“Hail to the Chief, we have chosen for the nation.” So goes the lyrical intro to the boisterous tune “Hail to the Chief” traditionally played instrumentally at the arrival of the President of the United States.
With President’s Day on Monday, it’s an appropriate time to look at “Hail to the Chief” and its origins. The song’s title is from Sir Walter Scott’s poem "The Lady of the Lake," published in 1810. British songwriter, violinist and conductor James Sanderson then adapted the popular poem into a play, staged in London and then New York, in 1812. In the play, Sanderson used an old Scottish melody, which became the tune’s musical basis. Different versions of the song were soon also written, including lyrics by Albert Gamse. His lyrics became what we know as the current words to “Hail to the Chief,” though rarely sung. The first time the song was played to honor the U.S. President was in 1815 to commemorate George Washington’s birthday. On July 4, 1828, the U.S. Marine Band performed the song at a ceremony for the formal opening of the Chesapeake and Ohio Canal, attended by then President John Quincy Adams. The U.S. Department of Defense in 1954 made the song the official tune to announce the arrival of a U.S. President during official events and ceremonies.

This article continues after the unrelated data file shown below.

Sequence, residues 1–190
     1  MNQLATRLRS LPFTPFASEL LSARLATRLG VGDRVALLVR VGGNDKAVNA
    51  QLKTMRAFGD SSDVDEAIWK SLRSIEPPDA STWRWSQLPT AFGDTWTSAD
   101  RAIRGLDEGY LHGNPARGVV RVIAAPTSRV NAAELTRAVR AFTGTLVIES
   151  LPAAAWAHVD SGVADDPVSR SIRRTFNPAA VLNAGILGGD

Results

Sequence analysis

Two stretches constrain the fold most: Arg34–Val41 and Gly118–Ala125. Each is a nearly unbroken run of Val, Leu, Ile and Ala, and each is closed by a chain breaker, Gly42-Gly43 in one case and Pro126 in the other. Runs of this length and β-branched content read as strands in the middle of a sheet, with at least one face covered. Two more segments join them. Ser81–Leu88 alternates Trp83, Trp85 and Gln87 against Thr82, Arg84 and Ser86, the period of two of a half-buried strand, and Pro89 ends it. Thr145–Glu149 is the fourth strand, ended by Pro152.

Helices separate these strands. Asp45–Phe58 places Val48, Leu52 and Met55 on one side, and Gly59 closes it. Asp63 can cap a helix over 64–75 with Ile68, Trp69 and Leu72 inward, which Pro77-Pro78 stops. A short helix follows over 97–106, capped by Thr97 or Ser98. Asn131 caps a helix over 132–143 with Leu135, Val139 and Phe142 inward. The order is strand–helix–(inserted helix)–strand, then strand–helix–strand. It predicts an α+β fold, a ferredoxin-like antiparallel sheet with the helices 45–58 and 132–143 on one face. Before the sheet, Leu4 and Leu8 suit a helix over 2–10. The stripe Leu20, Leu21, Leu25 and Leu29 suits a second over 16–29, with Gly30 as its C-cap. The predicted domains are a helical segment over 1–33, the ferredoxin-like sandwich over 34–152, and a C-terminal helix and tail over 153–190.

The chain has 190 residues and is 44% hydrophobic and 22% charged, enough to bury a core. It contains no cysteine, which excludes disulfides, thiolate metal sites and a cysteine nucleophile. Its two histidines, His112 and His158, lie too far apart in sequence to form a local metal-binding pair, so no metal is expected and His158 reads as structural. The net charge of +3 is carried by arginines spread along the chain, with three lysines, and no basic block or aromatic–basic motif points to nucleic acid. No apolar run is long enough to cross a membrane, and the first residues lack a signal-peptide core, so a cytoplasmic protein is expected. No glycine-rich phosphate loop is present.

What do you think of “Hail to the Chief”? Are there other patriotic tunes you prefer?
David Hildebrand, music historian, director, Colonial Music Institute in Maryland
Elise Kirk, musicologist and author of the book "Music at the White House: History of the American Spirit"